Dear Wayne and Wanda,
First of all, I love your advice. Most of the time it's given with a sense of humor, it is the first thing I read on Friday mornings. And now I need some love advice.
My husband of almost 30 years is still my heart throb and I enjoy being with him. He has a warm personality, a quick wit and people love being around him. Whenever I am with his coworkers, they fall over themselves telling me what a great guy he is to work with. So naturally he gets a lot of social invitations. And as a manager for a major airline he used to work away from home a lot and did lots of socializing with his coworkers from other stations. His job changed in the last year and now he is home more.
Today he was headed out to a big 60th birthday party -- good food, great company, nice Saturday evening. But he didn't want me to go. He said they'd be talking about work. (Is this a coworker with benefits?) This is not the first time that he has met coworkers at bars and restaurants while I am home watching from the sidelines. I am confused. I too am fun to be with, quick witted and people always love to be around me. I am at a loss.
So, should he be sleeping on the couch, or should I admit that I haven't been paying attention and head for the marriage counselor? Any quick-witted advice?
-- Sideline Wife
Wayne says: Hey, I'm all about a healthy work/life balance, and even a happy little life/work balance. For some people, their working world is a pleasant escape from the daily grind of home life. Work provides a different circle of friendships, routines and stimulation that are change-ups to the usual day to day with the family. And sometimes that team needs to blow off steam together after a great or rough day at the office. That's fine as long as the balance is always slanted toward the home team.
But your man has made a major balance blunder -- he can't keep his No. 1 fan on the sidelines during the big game! You have every right to be confused, offended and upset.
Maybe he's overcompensating for all the travel and social commitments he used to get in his old gig. Maybe he's taking his charming and quick-witted partner for granted after all these years. But maybe there's more. It isn't time to call a counselor yet, but it's definitely time to have a talk with the big guy. Ask him why his wife wouldn't be welcome.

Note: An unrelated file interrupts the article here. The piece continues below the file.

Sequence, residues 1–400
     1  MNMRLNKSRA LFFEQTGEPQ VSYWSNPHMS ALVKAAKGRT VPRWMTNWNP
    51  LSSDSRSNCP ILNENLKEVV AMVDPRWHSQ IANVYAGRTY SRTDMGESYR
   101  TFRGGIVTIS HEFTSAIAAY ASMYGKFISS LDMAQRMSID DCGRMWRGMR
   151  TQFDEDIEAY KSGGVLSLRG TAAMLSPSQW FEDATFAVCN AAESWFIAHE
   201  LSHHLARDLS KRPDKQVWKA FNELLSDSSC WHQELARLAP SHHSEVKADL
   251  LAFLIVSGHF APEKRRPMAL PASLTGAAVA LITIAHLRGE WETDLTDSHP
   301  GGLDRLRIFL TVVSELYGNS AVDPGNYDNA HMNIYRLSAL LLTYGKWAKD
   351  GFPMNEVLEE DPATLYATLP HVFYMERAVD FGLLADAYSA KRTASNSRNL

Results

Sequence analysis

What do you think Wanda? You know all about working hard and playing hard all while being the life of the party!
Wanda says: Silent auctions, lavish luncheons, benefit breakfasts, wild wine tastings, charity golf tournaments, glittery galas -- Anchorage is packed full of for-a-good-cause frivolity, especially for those uppity ups working away in our corporate sector. These events serve a few purposes. First, yeah, there's the whole charity angle. Second, as Wayne said, it's a chance for casual chat with coworkers over canapés and cocktails. Finally, these events are extensions of the work day, a hotbed of networking -- hand shaking, business card swapping, and deal making.
So before you assume your husband is using this as a chance to cozy up with a too-close coworker (at such a public event? Highly unlikely!), consider the alternative: Surrounded by colleagues and potential clients and partners, he's sparing you what he assumes is certain boredom.
Talk to him. Tell him you love meeting his colleagues and furthermore, you don't require babysitting. In other words, you can hold your own at the home-base company table if work requires him to work the room.
Wayne raises another potential alternative: Your husband may miss his solo travel time and is using after-hours work events as a chance to carve out Man Time. If that's the case, surely you can reach a compromise. The key is expressing that you want to be at his side, not because you don't trust him, but because at the end of the day, there's nowhere you'd rather be. Good luck!
• Wanda is a wise person who has loved, lost and been to therapy. Wayne is a wise guy who has no use for therapy. Send them your questions and thoughts at firstname.lastname@example.org.